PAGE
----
After the election is before the election. Just after the presidential election, France is heading towards its June general elections, also called “élections législatives”, with a first round on June 12, and a run-off between the top-ranked candidates per constituency (electoral district) on June 19. France applies here a two-tier majority system with all its complexities. The real sensation in the first round of the French presidential election was that the left-wing candidate Jean-Luc Mélenchon came in third with 21.95% of the votes behind the right-wing populist Marine Le Pen (with 23.15%), and thus almost made it into the runoff election against Macron. Macron’s victory in the runoff had several weaknesses. Many left-wing voters did not want to vote right-wing populist, but they were equally reluctant to vote for Macron, whom they saw as representing “neoliberalism”. Left-wing voters were faced with the dilemma of either not voting at all or voting for Macron, so to prevent right-wing populism. Mélenchon himself also danced around this dilemma: he advocated not voting for Le Pen, but refused to endorse Macron.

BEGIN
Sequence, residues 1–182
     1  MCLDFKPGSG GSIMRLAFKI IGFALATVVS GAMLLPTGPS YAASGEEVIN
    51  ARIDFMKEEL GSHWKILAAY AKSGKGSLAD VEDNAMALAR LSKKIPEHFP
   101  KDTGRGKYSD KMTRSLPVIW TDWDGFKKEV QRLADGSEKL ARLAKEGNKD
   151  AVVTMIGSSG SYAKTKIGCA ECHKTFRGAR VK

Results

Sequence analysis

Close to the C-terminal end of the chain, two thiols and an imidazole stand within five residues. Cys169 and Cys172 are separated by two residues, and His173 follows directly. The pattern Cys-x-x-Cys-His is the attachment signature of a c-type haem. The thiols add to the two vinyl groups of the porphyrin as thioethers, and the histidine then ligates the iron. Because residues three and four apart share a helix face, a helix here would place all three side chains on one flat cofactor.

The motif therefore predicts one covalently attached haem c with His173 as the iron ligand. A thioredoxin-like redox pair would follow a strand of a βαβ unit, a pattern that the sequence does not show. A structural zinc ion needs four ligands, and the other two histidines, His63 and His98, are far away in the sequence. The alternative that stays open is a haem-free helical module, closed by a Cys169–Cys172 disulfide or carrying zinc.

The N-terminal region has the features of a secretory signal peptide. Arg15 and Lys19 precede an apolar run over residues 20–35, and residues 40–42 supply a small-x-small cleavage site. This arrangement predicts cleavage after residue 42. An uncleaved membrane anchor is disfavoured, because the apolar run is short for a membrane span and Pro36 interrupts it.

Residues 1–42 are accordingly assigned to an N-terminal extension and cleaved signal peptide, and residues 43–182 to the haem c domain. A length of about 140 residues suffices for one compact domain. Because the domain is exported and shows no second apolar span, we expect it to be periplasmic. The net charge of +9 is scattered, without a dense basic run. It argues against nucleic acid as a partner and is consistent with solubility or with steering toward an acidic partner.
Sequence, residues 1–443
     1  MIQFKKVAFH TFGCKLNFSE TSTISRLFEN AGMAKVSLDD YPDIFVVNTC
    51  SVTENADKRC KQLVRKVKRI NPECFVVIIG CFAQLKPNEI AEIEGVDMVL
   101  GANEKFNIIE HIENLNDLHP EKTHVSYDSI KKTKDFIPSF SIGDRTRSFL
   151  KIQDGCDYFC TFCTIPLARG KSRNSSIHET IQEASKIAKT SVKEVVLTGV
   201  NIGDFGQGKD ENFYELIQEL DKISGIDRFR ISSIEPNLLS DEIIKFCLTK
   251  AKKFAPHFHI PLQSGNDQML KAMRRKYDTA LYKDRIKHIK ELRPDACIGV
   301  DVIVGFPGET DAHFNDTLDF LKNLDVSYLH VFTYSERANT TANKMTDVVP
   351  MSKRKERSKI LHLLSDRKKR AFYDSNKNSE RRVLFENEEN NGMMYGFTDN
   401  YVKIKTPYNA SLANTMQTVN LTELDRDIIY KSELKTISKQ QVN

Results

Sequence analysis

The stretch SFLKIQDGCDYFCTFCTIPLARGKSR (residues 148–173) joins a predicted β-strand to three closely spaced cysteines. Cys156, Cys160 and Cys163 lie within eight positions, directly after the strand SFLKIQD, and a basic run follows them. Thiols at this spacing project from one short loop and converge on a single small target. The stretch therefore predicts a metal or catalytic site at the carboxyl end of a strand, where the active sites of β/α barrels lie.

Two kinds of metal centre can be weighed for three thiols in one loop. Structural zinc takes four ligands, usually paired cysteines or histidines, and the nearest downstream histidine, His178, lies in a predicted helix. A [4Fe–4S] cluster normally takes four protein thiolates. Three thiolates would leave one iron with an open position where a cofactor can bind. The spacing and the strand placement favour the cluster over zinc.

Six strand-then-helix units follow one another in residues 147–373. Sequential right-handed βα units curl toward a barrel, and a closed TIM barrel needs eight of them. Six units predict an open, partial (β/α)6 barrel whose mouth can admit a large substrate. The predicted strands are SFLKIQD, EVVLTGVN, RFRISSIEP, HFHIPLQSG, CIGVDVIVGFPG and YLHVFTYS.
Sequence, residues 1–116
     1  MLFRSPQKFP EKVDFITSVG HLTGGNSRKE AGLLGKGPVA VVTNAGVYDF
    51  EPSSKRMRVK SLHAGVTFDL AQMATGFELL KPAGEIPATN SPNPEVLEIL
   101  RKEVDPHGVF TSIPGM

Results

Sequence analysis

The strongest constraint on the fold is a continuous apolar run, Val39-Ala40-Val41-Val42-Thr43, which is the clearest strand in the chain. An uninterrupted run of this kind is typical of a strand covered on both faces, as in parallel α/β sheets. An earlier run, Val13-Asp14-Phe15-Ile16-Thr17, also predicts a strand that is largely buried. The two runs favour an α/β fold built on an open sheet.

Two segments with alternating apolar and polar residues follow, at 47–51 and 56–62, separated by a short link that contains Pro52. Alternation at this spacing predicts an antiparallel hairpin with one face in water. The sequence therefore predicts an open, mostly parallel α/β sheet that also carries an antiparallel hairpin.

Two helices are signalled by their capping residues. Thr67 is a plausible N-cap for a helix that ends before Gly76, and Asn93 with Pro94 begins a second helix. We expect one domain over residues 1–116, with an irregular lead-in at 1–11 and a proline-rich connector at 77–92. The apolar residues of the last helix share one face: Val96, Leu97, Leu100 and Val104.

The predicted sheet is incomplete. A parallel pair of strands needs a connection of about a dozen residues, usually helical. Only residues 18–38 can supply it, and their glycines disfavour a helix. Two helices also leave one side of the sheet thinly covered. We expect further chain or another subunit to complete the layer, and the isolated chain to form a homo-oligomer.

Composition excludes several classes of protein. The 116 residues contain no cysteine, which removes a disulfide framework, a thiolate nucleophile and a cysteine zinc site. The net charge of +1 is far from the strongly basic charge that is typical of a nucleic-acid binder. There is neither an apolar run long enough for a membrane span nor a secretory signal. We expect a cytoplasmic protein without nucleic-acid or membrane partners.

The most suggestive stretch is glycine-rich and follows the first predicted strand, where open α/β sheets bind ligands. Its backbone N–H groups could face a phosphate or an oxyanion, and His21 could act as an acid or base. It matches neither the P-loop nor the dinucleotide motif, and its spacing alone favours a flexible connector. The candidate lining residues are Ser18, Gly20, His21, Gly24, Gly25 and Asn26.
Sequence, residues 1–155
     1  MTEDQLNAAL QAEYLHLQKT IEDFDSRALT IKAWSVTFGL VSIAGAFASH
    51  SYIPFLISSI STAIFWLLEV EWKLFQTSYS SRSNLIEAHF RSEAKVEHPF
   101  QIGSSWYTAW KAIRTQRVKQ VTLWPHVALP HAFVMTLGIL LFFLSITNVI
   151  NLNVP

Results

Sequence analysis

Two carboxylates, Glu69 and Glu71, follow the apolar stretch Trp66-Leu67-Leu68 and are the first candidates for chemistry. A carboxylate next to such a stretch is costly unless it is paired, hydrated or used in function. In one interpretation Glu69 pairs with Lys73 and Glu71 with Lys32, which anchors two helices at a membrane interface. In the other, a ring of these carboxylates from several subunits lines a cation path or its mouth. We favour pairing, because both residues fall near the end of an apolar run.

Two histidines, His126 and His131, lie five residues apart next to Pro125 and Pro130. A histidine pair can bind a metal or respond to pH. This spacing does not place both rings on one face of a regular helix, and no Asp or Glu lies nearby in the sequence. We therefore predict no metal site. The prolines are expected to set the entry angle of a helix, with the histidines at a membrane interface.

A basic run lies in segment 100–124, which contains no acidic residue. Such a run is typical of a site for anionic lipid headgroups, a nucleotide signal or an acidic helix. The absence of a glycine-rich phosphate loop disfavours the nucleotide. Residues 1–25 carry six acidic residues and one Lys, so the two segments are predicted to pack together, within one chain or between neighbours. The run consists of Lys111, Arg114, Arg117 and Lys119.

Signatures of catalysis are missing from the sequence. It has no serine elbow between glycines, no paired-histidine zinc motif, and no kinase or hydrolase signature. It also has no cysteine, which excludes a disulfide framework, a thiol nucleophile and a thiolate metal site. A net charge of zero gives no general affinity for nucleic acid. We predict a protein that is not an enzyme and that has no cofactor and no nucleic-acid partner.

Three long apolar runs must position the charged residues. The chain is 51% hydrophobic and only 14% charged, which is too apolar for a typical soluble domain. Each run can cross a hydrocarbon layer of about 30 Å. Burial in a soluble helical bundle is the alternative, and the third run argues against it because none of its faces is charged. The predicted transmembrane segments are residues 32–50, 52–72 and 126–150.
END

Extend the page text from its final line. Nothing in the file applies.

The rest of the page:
Macron thus also won because voters chose him for reasons, in order to ultimately keep right-wing populism away from presidential power. But it was not an election victory with great enthusiasm. Macron even referred to this explicitly in his victory speech on election night. He may also have feared that his liberal electoral movement would be voted out of office in the forthcoming parliamentary elections.

Three major electoral blocs: the left, the liberal center, and the right-wing populists

Polls indicate that three major electoral blocs are beginning to form competitively. Leading the way (with around 27% approval) is the left electoral alliance NUPES (Nouvelle Union Populaire Écologique et Sociale), supported by La France Insoumise, Greens, Socialists and Communists, and with Mélenchon as the main actor here. The liberal center positions itself almost at the same level (with around 26% approval), with Macron as its leading figure. Far behind in third place (with around 21% approval) are the right-wing populists with Marine Le Pen. Individual socio-demographic breakdowns in the polls are interesting. In terms of gender composition, the sympathizers of the various blocs do not seem to differ that much. On the other hand, there are clear differences with regard to age. The Left Alliance enjoys in particular the greatest support among younger voters, while the Liberals are clearly in the lead among the older voters. Among the right-wing populists, the middle age categories are more dominate by tendency.